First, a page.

Conditions looked decent, but the fierce winds gave us pause. Gusts were occasionally strong enough to knock us off our feet!

The ski back was fun in a perverse way. A mixed bag of sun/wind crusts plus the wind kept us off balance and very few confident turns were had, but travel was quick and no injuries were suffered.

We'll be back!!!

Tuesday, March 18, 2014

Return Creek Ski Tour

When Nemo and I skied out of Virginia Lakes a few weeks ago (post here) the terrain to the west looked amazing and so I decided to take a multiday tour out over Frog Pass to the head of Return Creek and explore. Click here for a map.

I floated the idea to a couple of buddies, but unfortunately they could not join me, so it was to be a solo adventure. 

The tour starts out of the Virginia Lakes trailhead and heads over Frog Pass. Snow conditions were excellent for rapid travel with firm corn snow and solid wind board with very little breakable crust.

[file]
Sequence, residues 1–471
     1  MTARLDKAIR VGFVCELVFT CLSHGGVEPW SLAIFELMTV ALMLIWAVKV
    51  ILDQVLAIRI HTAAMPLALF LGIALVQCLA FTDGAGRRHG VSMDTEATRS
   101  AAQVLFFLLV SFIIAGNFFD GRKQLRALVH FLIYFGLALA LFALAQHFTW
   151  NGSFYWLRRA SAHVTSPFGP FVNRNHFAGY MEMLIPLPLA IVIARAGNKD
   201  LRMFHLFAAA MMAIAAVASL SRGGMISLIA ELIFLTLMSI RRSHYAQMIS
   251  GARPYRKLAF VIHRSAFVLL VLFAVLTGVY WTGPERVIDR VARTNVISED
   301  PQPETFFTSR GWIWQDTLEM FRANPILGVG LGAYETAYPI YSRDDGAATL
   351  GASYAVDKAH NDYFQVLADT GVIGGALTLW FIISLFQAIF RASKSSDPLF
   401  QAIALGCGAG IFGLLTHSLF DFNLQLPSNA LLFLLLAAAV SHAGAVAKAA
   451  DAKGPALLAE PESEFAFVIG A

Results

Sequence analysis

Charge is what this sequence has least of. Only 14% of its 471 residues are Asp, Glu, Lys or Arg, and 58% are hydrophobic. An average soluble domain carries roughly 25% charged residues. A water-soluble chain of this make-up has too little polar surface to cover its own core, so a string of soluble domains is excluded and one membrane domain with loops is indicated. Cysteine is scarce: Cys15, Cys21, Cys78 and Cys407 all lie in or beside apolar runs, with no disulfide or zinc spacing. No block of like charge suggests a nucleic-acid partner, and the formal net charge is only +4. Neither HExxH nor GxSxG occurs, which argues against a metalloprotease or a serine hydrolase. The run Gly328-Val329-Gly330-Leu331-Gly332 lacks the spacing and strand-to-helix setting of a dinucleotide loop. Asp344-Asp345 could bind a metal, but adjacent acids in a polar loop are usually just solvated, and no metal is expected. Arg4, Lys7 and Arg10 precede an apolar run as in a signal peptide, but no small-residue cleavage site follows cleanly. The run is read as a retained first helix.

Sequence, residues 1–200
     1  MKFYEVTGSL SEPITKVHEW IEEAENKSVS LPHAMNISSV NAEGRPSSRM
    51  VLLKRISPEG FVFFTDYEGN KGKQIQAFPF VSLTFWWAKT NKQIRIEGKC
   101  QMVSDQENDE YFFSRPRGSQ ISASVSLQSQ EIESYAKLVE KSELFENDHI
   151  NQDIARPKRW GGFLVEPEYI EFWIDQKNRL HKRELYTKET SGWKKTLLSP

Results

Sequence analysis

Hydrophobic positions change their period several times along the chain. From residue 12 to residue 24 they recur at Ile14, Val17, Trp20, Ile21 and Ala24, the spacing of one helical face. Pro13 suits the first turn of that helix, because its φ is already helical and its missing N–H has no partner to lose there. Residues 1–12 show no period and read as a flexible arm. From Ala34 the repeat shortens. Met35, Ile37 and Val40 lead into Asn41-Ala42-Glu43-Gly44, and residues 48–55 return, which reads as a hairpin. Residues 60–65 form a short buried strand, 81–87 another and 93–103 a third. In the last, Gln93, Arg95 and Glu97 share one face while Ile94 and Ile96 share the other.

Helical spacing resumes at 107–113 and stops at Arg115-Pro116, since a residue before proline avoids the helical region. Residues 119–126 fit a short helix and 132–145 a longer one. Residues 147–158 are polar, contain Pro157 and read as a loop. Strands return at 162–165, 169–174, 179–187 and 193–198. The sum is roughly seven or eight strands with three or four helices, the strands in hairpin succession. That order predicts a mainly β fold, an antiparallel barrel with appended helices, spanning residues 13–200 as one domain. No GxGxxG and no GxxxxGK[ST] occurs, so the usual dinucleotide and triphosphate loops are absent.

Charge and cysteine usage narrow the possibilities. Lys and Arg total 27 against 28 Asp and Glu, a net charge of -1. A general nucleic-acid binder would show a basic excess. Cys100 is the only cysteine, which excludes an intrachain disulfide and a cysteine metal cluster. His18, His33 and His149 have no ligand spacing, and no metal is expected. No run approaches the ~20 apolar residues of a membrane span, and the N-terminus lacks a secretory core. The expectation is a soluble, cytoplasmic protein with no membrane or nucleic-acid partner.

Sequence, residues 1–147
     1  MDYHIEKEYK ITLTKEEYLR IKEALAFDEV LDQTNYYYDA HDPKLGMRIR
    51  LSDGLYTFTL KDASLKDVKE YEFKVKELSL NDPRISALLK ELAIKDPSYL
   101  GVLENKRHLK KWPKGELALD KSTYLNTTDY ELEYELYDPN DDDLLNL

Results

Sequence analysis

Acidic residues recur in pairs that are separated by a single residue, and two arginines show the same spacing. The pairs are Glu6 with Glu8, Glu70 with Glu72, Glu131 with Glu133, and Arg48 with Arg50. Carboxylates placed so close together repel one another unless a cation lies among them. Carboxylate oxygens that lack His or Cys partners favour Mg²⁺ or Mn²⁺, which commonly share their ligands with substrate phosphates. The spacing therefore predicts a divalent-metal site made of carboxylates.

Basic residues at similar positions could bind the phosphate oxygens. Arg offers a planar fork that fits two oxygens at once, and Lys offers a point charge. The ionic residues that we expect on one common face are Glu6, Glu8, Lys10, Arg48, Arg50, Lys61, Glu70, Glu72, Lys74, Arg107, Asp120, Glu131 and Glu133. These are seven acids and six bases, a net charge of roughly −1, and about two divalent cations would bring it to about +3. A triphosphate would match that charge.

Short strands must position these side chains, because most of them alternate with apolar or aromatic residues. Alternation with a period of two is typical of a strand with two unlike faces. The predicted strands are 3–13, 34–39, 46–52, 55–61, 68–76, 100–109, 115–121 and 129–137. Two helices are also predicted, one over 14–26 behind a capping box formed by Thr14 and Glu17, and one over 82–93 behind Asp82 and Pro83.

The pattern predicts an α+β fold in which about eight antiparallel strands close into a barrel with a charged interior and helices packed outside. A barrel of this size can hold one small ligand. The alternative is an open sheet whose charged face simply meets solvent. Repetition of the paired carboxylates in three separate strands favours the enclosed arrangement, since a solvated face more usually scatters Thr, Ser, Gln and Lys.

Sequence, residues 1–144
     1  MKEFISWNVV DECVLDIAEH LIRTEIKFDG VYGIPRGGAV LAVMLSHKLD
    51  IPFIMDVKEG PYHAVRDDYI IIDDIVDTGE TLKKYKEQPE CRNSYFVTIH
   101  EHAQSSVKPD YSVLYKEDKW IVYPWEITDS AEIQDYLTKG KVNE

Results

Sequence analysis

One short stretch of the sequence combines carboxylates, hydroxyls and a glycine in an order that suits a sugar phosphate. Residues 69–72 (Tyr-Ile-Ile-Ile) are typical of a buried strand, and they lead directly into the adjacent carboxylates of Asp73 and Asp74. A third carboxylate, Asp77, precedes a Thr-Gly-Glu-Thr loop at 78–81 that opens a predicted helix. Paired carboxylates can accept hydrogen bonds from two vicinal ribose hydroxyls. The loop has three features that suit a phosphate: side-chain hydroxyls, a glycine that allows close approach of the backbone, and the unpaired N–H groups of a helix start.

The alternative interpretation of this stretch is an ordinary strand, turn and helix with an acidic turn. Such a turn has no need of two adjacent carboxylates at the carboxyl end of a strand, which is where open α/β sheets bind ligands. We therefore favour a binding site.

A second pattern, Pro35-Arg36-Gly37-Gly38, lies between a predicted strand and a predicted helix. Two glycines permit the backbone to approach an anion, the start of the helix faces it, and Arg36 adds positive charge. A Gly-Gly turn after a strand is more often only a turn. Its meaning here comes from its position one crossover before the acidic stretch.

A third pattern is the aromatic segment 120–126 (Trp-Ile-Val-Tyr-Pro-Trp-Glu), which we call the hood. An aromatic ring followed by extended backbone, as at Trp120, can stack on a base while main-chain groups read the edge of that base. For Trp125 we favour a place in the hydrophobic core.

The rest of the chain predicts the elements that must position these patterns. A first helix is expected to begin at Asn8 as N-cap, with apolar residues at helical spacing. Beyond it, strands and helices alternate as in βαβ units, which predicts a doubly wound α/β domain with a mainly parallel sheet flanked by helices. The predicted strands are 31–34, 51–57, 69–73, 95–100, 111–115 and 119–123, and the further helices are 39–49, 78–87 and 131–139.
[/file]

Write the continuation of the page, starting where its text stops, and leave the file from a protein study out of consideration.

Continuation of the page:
This was the view from the pass back into the Virginia Lakes drainage and Dunderberg Peak.

And this was the view to the west towards my destination.

After a  fun descent on fine windboard (good turns even with the heavy pack!) and a very short climb I arrived at beautiful Summit Lake which literally sits on the Sierra Crest. It seems to drain both to the East, into the Great Basin, and to the west, into the Pacific Ocean!

After Summit Lake a traverse north and a little climbing brought me to my camp which took a good effort to construct.

After setting up the Megamid and cooking dinner I went for an evening stroll (on skis) to loosen the body and mind.

After a long, cold night the day broke crisp and clear. After a big warm bowl of oatmeal and a delightful hot cup of coffee I made my toward Twin Peaks and enjoyed more astounding scenery.

I passed beneath Virginia Peak. A fine peak with several extreme descents for those so inclined.